Alaska repairs earthquake-damaged roads ‘in record time’

Updated Dec 22, 2018

Earthquake Damaged Road

Alaska has made repairs to it’s roads and bridges in record time since the Nov. 30 earthquake deep beneath Anchorage and the Mat-Su Valley.

That’s thanks to a quick response from the president and Federal Highway Administration, according to the commissioner of Alaska Department of Transportation & Public Facilities (DOT&PF).

“We look forward to working with FHWA on more robust restoration of our infrastructure this summer,” Commissioner says John MacKinnon says in a press release.

The restoration of the Glenn Highway northbound and southbound lanes by early Dec. 5 reopened essential travel routes.

DOT&PF employees and Alaska contractors “have worked tirelessly to re-establish essential transportation links,” points out Gov. Mike Dunleavy in a press release. “Regardless of the challenges, they have committed to finding solutions in record time.”

The 7.0 magnitude earthquake struck at 8:29 a.m. Nov. 30, causing extensive property and infrastructure damage but claiming no lives. No serious injuries were reported, either.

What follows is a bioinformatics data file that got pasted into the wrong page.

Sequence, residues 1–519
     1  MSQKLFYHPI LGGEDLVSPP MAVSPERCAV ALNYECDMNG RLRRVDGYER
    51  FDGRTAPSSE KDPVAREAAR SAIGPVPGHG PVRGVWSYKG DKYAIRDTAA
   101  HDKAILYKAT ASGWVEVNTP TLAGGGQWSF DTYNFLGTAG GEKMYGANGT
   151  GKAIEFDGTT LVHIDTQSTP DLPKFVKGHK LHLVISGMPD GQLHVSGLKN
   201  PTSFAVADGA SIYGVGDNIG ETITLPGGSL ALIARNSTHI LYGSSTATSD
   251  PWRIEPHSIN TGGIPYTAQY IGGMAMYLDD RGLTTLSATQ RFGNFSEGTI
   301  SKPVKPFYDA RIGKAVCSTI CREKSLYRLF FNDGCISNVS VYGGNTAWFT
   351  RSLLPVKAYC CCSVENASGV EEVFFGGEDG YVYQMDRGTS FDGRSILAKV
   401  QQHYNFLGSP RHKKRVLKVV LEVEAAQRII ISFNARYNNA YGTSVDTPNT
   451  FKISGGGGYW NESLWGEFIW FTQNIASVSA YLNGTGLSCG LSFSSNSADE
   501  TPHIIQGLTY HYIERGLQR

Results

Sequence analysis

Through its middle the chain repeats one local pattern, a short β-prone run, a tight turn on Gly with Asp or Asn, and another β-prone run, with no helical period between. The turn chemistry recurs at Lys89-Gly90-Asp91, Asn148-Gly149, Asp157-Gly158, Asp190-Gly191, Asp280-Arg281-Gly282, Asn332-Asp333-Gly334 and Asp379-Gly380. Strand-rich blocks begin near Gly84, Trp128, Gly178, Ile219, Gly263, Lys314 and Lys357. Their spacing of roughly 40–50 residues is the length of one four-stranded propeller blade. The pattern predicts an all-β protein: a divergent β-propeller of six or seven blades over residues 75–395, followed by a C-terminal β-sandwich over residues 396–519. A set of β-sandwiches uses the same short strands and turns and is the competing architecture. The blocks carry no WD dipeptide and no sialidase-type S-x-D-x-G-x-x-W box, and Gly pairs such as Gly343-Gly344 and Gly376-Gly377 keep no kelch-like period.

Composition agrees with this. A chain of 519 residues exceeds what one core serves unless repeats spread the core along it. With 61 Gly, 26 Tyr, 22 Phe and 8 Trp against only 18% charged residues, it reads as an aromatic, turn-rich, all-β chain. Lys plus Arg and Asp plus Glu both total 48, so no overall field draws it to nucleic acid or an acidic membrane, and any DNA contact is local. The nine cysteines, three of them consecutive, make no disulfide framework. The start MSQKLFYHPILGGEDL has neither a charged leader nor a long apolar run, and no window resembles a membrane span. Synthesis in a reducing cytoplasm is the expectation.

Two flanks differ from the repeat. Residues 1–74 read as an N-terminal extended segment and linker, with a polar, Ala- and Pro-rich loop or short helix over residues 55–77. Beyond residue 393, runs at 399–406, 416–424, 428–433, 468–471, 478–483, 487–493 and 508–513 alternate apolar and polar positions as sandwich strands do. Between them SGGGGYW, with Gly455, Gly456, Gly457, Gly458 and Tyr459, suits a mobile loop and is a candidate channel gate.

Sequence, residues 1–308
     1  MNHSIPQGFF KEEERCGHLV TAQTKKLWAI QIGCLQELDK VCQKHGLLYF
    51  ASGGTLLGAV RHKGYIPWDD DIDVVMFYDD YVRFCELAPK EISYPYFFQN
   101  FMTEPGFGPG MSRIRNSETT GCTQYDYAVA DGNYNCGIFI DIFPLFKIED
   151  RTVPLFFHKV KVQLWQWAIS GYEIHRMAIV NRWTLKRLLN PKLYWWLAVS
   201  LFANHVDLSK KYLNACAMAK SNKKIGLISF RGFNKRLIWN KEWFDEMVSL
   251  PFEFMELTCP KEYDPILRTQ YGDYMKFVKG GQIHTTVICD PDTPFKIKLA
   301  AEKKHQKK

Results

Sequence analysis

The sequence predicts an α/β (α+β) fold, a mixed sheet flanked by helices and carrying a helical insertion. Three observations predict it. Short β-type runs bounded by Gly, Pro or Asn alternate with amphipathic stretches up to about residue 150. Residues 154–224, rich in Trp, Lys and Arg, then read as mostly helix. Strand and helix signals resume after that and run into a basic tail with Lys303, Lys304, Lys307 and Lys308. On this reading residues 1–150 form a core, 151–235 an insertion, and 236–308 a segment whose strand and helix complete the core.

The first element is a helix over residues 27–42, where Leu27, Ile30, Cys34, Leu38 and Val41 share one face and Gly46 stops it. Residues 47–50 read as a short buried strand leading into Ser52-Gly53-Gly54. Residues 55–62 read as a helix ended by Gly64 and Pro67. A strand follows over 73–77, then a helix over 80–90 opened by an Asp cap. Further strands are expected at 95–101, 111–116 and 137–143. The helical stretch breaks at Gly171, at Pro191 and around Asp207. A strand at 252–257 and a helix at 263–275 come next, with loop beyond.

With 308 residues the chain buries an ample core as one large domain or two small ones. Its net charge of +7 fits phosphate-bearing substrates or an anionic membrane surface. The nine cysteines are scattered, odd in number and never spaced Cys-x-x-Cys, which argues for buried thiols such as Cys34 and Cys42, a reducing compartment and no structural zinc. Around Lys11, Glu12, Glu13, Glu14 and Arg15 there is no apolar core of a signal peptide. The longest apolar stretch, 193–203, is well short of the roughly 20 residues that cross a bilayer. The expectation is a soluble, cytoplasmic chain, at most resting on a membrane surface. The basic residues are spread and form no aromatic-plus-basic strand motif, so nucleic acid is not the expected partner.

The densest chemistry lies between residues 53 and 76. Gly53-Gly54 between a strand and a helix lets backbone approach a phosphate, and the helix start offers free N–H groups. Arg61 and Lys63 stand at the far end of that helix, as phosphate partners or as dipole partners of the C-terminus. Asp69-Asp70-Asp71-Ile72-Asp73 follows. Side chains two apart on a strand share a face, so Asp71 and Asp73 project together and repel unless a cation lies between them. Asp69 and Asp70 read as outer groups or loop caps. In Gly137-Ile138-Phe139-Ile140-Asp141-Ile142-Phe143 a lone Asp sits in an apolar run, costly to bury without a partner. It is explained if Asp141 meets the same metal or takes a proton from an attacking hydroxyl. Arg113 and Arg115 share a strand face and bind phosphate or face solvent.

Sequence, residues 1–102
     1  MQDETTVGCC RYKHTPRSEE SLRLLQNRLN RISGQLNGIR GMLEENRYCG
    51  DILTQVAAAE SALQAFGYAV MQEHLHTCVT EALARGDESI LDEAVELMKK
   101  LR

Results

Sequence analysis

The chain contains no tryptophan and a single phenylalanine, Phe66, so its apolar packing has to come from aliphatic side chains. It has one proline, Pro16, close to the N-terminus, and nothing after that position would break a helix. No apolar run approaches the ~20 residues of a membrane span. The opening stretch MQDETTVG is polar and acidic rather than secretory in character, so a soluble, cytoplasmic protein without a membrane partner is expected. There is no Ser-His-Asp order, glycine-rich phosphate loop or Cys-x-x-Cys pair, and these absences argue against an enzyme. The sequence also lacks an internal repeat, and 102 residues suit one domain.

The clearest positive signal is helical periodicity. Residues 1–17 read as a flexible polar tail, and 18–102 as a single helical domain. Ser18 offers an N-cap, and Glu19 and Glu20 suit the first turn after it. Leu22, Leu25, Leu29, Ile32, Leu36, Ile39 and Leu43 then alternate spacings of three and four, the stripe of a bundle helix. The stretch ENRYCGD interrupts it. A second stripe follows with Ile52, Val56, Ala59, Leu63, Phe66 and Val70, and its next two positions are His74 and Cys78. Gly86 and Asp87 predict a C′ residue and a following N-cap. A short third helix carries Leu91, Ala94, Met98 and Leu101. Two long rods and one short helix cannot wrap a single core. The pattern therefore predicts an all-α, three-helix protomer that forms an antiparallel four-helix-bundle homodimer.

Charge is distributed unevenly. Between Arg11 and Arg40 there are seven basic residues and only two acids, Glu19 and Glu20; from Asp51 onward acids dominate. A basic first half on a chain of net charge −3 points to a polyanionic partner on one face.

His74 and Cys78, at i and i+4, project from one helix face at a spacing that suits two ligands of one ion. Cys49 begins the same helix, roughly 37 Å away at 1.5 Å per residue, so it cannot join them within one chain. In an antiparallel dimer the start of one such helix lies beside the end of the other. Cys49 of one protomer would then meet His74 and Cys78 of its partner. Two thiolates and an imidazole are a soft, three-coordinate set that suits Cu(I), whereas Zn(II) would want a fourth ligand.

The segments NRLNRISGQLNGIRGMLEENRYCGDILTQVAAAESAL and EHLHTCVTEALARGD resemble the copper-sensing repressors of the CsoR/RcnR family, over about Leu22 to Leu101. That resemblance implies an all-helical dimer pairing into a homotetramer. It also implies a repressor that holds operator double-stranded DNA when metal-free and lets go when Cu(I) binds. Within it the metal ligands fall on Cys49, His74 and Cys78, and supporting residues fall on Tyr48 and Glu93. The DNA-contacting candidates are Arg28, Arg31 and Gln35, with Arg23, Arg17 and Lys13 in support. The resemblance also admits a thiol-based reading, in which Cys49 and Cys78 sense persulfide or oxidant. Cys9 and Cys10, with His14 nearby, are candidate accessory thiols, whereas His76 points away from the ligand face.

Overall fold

Even as aftershocks followed, Alaska’s transportation department immediately shifted into high gear.

Crews swiftly deployed to inspect roads and bridges, finding earthquake damage severe and widespread in some areas. On the day of the earthquake, DOT&PF  established for online situation updates.

Infrastructure and related conditions were posted as soon as they were confirmed.

“The Glenn Highway Mirror Lake site was particularly difficult to repair because it was a set of two large sink holes that encroached into the northbound and southbound lanes,” the department says.

“Subsequent aftershocks expanded the sloughing well into both lanes. DOT&PF is confident that the temporary repairs have been completed will ensure the safety of the traveling public.”

Road Damage from Earthquake Aftermath

Winter construction has been particularly difficult with frozen soil and temperature-related challenges in paving and painting.

While the thrust of repair work has been to restore essential travel, the department says it will pursue permanent repairs next summer.

The department will continue identifying damage sites, make repairs and plan for permanent fixes. Because the immediate repairs have been focused on restoring travel, they are not expected to have a 20-year life cycle, which is what the state expects from typical highway construction.

Seward Highway at Tudor after repairs.Seward Highway at Tudor after repairs.

“The rapid response to damage in Anchorage shows how investing time and money into preparations for these kinds of large, infrastructure-hobbling events can pay off in the long-run, even when there’s no way to tell when or where disaster may strike,” says an article published this week at The Verge.